Problem of carbon dating
There is then a ratio of carbon-14 to carbon-12 in the bodies of plants, humans, and other animals that can fluctuate, but will be fixed at the time of death. The premise behind the method is to determine the ratio of carbon-14 left in organic matter, and by doing so, estimate how long ago death occurred by running the ratio backwards.After death, the carbon-14 would begin to decay at the rate stated above. The accuracy of this method, however, relies on several faulty assumptions.This would have upset the ratio of carbon-14 to carbon-12. Libby also assumed that the amount of carbon-14 being presently produced had equaled the amount of carbon-12 – he assumed that they had reached a balance.The formation of carbon-14 increases with time, and at the time of creation was probably at or near zero.Third, for carbon-14 dating to be accurate, the concentrations of carbon-14 and carbon-12 must have remained constant in the atmosphere.In addition to the reasons mentioned in the previous paragraph, the flood provides another evidence that this is a faulty assumption.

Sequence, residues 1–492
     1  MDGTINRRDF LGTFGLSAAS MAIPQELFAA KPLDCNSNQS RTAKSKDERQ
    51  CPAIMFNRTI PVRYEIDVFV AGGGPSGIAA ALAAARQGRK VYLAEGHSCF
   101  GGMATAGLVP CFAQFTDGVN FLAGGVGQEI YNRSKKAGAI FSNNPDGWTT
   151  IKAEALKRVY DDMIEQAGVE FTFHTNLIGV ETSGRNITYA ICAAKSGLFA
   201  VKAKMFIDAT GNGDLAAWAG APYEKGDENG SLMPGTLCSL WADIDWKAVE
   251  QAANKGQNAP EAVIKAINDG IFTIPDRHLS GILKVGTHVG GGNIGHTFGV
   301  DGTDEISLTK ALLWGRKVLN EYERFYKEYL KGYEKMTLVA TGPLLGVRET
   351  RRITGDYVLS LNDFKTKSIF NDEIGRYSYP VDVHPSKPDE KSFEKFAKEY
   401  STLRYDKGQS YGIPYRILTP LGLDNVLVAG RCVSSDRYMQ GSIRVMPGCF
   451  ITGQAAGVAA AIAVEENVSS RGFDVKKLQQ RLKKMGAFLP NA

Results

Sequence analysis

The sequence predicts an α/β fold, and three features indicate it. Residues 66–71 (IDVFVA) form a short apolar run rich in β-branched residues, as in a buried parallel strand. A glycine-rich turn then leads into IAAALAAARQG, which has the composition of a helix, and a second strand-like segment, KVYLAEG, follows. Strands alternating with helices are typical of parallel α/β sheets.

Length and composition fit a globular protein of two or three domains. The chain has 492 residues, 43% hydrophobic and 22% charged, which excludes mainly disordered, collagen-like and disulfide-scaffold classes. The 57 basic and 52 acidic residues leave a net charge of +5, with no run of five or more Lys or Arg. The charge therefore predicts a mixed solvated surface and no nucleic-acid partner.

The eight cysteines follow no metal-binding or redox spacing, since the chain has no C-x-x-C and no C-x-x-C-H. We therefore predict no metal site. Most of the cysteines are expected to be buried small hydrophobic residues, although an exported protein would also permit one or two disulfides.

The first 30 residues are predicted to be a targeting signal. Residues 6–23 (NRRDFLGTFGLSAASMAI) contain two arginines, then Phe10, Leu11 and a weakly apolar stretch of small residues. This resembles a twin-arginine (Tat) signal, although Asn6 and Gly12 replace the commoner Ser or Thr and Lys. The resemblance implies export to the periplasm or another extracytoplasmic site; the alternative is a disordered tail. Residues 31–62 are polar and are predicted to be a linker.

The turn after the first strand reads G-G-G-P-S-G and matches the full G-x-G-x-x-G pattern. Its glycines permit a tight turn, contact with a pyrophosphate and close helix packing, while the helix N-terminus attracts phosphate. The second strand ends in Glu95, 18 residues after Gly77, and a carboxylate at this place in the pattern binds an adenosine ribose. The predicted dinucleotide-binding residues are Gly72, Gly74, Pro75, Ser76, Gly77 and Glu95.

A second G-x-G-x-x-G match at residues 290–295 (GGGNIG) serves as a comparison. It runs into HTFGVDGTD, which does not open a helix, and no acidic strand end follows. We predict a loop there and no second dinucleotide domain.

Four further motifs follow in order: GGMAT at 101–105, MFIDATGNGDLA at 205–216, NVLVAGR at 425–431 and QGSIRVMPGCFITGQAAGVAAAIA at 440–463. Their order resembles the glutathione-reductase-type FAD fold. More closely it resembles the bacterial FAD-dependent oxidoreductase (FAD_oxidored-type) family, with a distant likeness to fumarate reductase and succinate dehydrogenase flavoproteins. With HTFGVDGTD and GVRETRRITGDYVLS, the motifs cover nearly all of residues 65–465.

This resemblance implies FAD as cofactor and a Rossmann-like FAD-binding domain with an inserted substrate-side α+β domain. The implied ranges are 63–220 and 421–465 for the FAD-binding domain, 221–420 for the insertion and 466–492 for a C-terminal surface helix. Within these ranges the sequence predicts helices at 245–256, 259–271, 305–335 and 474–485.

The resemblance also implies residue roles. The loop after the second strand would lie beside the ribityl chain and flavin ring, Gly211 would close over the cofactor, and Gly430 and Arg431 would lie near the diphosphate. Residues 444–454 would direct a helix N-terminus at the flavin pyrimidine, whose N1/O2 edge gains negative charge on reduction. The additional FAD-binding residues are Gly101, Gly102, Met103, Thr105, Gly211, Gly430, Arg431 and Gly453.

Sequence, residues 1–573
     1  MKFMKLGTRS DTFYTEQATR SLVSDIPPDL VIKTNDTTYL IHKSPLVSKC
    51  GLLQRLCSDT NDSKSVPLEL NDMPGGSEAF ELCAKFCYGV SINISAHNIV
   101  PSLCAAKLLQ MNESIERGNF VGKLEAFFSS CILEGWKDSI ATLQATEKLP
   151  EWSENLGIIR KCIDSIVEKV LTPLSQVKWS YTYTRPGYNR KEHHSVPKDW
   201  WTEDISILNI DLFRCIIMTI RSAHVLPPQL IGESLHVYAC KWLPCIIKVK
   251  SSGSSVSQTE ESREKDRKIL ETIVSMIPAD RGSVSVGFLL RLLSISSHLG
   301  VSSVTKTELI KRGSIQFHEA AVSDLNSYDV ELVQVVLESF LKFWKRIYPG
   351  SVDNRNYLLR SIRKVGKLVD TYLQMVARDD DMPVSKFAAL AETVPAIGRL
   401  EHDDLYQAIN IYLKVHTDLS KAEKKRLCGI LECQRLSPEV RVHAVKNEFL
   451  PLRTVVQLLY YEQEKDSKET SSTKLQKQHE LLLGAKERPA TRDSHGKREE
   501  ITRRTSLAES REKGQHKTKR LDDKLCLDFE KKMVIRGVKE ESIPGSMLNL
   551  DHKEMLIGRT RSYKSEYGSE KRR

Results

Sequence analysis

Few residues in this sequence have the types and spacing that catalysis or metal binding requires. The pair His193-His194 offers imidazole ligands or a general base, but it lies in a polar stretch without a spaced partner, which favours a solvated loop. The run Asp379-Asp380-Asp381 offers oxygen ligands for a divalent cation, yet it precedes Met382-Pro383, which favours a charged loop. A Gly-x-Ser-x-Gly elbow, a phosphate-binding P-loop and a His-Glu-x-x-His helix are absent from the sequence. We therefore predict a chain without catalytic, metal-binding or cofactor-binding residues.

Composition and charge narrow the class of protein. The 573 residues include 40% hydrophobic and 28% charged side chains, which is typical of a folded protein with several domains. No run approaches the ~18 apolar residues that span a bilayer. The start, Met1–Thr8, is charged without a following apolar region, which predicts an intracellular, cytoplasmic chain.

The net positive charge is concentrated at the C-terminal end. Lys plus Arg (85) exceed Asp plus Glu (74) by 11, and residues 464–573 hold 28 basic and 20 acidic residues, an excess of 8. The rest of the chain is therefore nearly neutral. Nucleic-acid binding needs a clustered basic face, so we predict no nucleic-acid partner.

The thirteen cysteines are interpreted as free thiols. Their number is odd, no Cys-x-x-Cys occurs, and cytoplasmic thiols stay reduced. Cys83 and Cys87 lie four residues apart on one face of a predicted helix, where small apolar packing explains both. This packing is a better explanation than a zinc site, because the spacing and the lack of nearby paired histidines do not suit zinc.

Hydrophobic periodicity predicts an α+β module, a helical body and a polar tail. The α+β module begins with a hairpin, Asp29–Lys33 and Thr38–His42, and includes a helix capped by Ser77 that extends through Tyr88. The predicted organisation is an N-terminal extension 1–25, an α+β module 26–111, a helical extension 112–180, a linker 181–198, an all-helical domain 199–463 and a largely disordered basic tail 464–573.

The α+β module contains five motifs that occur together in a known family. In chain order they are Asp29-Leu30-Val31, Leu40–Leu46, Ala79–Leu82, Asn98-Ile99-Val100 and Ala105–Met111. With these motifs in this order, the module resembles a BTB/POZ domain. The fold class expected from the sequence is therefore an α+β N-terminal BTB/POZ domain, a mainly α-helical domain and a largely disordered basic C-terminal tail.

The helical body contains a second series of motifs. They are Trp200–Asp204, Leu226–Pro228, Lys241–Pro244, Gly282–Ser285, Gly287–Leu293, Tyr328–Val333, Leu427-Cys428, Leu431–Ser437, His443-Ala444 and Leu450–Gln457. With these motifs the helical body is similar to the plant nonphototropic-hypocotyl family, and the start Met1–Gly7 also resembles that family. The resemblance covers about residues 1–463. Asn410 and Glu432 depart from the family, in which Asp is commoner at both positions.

This carbon-14 dioxide then ends up in humans and other animals as it moves up the food chain. Libby introduced the carbon-14 dating method at the University of Chicago.The carbon-14 that results from the reaction caused by cosmic radiation quickly changes to carbon dioxide, just like normal carbon-12 would.Plants utilize, or “breath in” carbon dioxide, then ultimately release oxygen for animals to inhale.The industrial revolution greatly increased the amount of carbon-12 released into the atmosphere through the burning of coal.
Also, the atomic bomb testing around 1950 caused a rise in neutrons, which increased carbon-14 concentrations.Experiments have been performed using the radioactive isotopes of uranium-238 and iron-57, and have shown that rates can and do vary.In fact, changing the environments surrounding the samples can alter decay rates.The half-life of carbon 14 is approximate 5,730 years.